by Matthew Sitman
In an age of resurgent religion, Scott Atran urges academics – especially scientists – to turn their attention to the sacred. He believes that science can help us "understand religion and the sacred just as it can help us understand the genome or the structure of the universe," and that such knowledge will be vital for grasping the dynamics of world affairs in the coming decades. Atran especially focuses on how the scientific study of religion can aid in explaining the causes and duration of war and violence. For example, he argues that, contrary to conventional wisdom, religion has been behind only a very small fraction of history's bloody conflicts:
[T]he chief complaint against religion — that it is history's prime instigator of intergroup conflict — does not withstand scrutiny. Religious issues motivate only a small minority of recorded wars. The Encyclopedia of Wars surveyed 1,763 violent conflicts across history; only 123 (7 percent) were religious. A BBC-sponsored "God and War" audit, which evaluated major conflicts over 3,500 years and rated them on a 0-to-5 scale for religious motivation (Punic Wars = 0, Crusades = 5), found that more than 60 percent had no religious motivation. Less than 7 percent earned a rating greater than 3. There was little religious motivation for the internecine Russian and Chinese conflicts or the world wars responsible for history's most lethal century of international bloodshed.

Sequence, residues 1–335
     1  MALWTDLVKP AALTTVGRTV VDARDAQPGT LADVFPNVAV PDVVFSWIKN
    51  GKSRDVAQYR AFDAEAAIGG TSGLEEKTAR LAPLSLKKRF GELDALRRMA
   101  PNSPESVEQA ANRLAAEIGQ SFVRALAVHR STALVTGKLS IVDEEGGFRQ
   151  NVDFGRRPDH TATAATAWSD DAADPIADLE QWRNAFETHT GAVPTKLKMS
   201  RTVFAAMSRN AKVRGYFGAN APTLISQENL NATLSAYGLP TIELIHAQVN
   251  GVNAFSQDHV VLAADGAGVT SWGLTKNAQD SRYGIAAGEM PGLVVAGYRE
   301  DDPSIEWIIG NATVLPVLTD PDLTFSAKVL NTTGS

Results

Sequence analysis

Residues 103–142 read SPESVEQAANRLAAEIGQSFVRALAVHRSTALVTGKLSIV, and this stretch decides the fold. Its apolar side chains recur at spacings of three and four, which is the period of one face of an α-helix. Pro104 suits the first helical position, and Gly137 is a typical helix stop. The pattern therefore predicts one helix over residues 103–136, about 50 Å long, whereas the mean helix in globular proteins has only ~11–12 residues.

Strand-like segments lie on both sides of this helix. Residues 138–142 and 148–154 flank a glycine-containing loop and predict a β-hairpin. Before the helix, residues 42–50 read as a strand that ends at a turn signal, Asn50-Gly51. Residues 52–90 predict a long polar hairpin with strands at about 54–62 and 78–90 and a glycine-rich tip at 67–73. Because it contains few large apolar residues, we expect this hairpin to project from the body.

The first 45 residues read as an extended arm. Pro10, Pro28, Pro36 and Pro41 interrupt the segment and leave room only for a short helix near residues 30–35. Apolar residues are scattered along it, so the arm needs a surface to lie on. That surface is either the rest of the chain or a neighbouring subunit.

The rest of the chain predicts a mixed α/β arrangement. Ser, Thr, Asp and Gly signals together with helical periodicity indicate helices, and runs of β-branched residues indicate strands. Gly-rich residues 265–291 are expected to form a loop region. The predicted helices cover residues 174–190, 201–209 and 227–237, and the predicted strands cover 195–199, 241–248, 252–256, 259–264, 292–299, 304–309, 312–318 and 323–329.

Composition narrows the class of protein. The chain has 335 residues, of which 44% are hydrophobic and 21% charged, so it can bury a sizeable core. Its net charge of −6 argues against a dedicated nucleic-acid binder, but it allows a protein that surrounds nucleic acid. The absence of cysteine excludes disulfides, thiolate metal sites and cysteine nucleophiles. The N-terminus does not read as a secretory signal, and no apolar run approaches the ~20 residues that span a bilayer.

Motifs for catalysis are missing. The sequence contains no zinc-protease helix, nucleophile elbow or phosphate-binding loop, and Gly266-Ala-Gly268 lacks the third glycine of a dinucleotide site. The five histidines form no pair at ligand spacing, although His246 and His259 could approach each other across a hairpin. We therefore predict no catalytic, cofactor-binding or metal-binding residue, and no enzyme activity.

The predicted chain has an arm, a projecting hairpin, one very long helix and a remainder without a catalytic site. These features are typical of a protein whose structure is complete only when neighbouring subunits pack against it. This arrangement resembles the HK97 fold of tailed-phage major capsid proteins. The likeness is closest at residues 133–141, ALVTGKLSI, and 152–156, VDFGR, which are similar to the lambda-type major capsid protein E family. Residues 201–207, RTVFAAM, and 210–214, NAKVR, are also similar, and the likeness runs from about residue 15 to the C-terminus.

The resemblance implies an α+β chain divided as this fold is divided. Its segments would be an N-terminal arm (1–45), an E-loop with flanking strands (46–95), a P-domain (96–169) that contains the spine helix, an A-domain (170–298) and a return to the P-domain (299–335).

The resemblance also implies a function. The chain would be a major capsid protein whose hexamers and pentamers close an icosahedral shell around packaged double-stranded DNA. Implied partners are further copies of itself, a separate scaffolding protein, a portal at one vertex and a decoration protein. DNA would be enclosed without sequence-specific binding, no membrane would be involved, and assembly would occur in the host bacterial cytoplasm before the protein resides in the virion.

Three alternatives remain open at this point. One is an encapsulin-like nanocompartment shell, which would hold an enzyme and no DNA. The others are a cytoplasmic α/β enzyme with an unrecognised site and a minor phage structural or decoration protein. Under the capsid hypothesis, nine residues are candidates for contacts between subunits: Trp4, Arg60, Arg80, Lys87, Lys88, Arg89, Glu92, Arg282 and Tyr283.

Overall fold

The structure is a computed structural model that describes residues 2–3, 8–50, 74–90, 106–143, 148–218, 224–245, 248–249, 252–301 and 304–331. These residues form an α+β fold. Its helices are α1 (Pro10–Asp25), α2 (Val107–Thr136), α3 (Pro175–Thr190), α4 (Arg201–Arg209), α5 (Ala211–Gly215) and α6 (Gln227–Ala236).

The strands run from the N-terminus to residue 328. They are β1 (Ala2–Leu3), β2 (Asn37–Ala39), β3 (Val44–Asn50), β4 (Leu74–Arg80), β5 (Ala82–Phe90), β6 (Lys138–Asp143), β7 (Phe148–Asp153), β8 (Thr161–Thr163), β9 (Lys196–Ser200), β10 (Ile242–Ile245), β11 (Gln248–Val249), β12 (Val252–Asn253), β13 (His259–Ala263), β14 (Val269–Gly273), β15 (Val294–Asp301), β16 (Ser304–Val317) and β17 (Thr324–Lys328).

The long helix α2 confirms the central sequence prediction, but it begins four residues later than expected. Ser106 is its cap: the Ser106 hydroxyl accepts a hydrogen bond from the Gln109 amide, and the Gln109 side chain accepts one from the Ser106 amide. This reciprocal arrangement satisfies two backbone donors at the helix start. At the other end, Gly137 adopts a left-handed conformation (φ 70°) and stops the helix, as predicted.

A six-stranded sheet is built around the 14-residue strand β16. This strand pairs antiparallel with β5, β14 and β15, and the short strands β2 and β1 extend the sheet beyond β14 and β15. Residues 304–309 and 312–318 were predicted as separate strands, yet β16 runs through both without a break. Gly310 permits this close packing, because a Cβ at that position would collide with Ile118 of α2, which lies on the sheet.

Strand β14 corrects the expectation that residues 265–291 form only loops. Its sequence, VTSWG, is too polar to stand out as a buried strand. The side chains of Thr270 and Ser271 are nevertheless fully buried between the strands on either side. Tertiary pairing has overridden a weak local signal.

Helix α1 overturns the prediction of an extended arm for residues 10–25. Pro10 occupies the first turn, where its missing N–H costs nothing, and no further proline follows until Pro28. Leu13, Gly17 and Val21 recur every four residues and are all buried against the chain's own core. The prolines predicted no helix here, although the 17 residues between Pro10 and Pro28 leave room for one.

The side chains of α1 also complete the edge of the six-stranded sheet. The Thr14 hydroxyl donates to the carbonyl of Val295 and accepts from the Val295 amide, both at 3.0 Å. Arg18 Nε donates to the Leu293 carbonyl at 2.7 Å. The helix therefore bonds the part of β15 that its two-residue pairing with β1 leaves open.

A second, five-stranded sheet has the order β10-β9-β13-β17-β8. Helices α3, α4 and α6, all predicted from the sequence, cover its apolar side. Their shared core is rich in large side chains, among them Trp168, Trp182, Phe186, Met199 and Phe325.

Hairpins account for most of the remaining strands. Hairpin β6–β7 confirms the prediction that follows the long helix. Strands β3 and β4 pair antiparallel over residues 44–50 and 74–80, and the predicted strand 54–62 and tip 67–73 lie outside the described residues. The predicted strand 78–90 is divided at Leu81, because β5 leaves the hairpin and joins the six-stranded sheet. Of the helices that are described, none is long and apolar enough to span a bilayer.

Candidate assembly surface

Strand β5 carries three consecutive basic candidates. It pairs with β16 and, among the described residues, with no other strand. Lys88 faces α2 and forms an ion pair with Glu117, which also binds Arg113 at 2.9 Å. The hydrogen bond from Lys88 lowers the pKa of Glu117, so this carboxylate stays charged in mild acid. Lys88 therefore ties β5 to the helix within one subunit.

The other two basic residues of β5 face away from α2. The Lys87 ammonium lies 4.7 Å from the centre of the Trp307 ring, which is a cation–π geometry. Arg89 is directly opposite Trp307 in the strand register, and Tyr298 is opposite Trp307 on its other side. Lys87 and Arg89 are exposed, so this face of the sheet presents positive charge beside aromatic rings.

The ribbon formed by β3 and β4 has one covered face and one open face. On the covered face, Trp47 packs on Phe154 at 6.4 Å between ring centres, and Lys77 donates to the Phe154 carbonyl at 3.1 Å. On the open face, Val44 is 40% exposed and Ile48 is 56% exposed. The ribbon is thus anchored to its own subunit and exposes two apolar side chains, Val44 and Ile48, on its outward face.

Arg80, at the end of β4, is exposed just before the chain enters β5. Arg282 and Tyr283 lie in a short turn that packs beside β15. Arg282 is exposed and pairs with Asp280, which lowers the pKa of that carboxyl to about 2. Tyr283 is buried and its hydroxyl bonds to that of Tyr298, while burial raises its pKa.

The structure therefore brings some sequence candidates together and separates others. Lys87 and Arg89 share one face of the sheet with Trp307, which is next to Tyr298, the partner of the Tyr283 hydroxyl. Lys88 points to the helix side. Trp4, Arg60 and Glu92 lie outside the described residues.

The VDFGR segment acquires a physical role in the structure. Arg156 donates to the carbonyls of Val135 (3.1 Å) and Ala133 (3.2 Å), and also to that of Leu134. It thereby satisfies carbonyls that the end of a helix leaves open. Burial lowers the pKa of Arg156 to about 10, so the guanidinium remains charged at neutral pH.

However, when religion is involved it can make wars particularly intractable:
Although surprisingly few wars are started by religions, once they start, religion — and the values it imposes — can play a critical role. When competing interests are framed in terms of religious and sacred values, conflict may persist for decades, even centuries. Disputes over otherwise mundane phenomena then become existential struggles, as when land becomes "Holy Land." Secular issues become sacralized and nonnegotiable, regardless of material rewards or punishments. In a multiyear study, our research group found that Palestinian adolescents who perceived strong threats to their communities and were highly involved in religious ritual were most likely to see political issues, like the right of refugees to return to homes in Israel, as absolute moral imperatives. These individuals were thus opposed to compromise, regardless of the costs.